We can also tell something about the size and energy of the impactor from measuring the size of the crater and the extent of the ejector blanket (the stuff that got blasted from the surface during the impact and eventually settled back to the ground). It is the re-settling of ejecta that is largely responsible for making older craters less distinct.

Moon1 Moon2

Close up of Mare Imbrium to illustrate the principle of superposition

Cratering counts

Guessing relative ages from the amount of erosion works to some extent, but only for individual craters. In order to date an area we need another method. In the early solar system as the planets were forming there was a lot of debris around. As these small rocks orbited the young Sun they would eventually hit larger bodies and produce a crater. Over time the number of these rocks decreased as they crashed into proto-planets and hence the cratering rate -the number of craters produced in a given time period -reduced. If the surface of the larger body was also changing with time through its own geological processes such as volcanism or plate tectonics, then older parts of the surface would be the most heavily cratered while those which had been formed later (due to lava flows from volcanic eruptions for example) would have fewer craters. From this we can already say, just by simple observation, that the lunar highlands are older than the mare because they are more heavily cratered.

The principle of superposition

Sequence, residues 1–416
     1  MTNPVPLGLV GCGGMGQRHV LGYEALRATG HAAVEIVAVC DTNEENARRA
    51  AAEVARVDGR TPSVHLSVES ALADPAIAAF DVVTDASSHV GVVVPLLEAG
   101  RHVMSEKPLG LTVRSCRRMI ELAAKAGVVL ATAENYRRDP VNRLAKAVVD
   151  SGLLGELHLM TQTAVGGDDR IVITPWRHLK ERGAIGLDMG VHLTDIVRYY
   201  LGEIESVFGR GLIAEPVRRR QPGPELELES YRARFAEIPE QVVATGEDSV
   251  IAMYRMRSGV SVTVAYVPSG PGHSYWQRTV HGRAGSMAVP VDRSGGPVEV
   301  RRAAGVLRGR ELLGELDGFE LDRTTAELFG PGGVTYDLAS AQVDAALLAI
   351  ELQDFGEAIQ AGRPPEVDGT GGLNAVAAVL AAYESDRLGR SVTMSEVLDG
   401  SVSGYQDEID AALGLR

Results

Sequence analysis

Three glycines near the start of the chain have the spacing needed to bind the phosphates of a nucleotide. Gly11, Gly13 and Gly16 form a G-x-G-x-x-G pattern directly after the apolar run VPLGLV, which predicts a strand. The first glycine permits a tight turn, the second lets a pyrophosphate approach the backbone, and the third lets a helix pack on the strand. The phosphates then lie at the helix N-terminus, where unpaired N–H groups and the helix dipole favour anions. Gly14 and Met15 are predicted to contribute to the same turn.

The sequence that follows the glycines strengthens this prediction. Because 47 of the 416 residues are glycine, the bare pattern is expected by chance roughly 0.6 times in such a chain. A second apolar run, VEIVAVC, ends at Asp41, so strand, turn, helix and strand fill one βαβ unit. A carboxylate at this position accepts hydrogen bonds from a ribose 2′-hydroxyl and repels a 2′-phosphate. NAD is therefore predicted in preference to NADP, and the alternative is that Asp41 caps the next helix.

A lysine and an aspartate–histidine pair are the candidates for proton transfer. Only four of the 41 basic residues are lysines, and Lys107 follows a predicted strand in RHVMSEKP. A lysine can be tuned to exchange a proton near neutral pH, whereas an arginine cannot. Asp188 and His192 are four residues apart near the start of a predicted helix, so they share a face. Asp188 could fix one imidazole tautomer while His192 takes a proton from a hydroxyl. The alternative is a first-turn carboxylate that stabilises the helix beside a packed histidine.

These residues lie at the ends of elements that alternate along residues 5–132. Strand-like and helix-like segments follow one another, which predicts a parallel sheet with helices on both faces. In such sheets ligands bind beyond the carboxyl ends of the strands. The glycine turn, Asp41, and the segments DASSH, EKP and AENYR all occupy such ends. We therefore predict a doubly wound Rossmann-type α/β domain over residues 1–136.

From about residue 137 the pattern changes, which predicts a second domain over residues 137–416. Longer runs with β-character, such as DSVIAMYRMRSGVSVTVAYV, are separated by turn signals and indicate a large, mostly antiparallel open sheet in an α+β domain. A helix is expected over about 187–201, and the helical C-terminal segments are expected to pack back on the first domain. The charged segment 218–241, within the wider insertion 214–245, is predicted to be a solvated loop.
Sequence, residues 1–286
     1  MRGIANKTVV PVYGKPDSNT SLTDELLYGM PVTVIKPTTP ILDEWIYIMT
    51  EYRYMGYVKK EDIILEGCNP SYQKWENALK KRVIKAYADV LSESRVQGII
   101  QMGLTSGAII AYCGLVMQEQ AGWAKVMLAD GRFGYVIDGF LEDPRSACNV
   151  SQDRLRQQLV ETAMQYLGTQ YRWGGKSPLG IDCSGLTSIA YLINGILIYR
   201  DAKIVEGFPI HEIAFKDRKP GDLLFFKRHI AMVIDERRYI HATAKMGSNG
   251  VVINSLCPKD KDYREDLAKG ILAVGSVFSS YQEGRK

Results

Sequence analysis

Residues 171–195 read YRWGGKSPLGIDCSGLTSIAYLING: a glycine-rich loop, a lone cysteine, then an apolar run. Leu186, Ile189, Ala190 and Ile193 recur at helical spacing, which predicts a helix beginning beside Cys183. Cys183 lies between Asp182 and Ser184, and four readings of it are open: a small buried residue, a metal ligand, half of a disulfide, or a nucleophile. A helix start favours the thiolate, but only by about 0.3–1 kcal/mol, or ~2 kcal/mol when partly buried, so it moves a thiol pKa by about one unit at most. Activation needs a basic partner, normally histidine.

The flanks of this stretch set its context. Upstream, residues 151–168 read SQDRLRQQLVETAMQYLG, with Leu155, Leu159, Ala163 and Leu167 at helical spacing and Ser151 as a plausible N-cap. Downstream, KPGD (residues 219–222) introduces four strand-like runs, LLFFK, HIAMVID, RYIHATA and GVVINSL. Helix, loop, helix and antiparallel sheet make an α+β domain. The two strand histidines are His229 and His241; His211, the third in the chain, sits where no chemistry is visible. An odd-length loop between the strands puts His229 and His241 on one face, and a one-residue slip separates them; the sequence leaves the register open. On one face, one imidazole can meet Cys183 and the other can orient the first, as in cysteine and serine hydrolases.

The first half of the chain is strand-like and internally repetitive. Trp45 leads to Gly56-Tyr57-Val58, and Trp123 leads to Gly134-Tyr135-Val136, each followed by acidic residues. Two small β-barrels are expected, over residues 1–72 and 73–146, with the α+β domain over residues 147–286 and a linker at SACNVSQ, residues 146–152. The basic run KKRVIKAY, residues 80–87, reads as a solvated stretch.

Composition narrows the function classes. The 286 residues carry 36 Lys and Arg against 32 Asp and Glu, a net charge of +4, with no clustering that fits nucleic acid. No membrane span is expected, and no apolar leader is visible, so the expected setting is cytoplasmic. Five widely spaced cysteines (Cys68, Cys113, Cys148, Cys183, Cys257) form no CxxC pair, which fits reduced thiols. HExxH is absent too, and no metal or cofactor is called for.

Age estimates of individual craters (and other features) can be made more systematic through the use of the principle of superposition. As well as surfaces being renewed by geological processes, newer impacts can partially or wholly obscure older ones. Recent fault lines can split craters down the middle, and ejecta from nearby impacts can make them less distinct. This principle is a very useful one in geology and is just as applicable on the Earth and other planets as it is on the Moon.

A good example of the principle of superposition can be seen in the Mare Imbrium area of the Moon. The first event that occurred was the major impact which formed the Imbrium basin itself (image 1). Further impacts then occurred as more lumps of rock hit the surface creating craters such as Archimedes within the basin (image 2). Then a major lava flow filled the Imbrium basin and flooded or “embayed” other features within the basin (image 3). The last stage in this process is further impacts on the cooled lava basin (image 4).

This is a simple and very useful technique which can be applied to the rest of the Moon and any of the rocky planets or moons in the solar system. It does, however, only give relative ages of features. To date features specifically we need to use other forms of measurement.

Dating the events

This was one of the scientific outcomes of the Apollo missions. Over the six missions, several different areas of the surface were visited and a total of 382 kg of rock was returned to Earth for analysis. As is well known, Apollo 11 landed in Mare Tranquillitatis (or the Sea of Tranquillity), but the other missions went to other parts of the surface. Apollo 12 landed in Oceanus Procellarum, and Apollos 16 and 17 landed in different areas of the lunar highlands.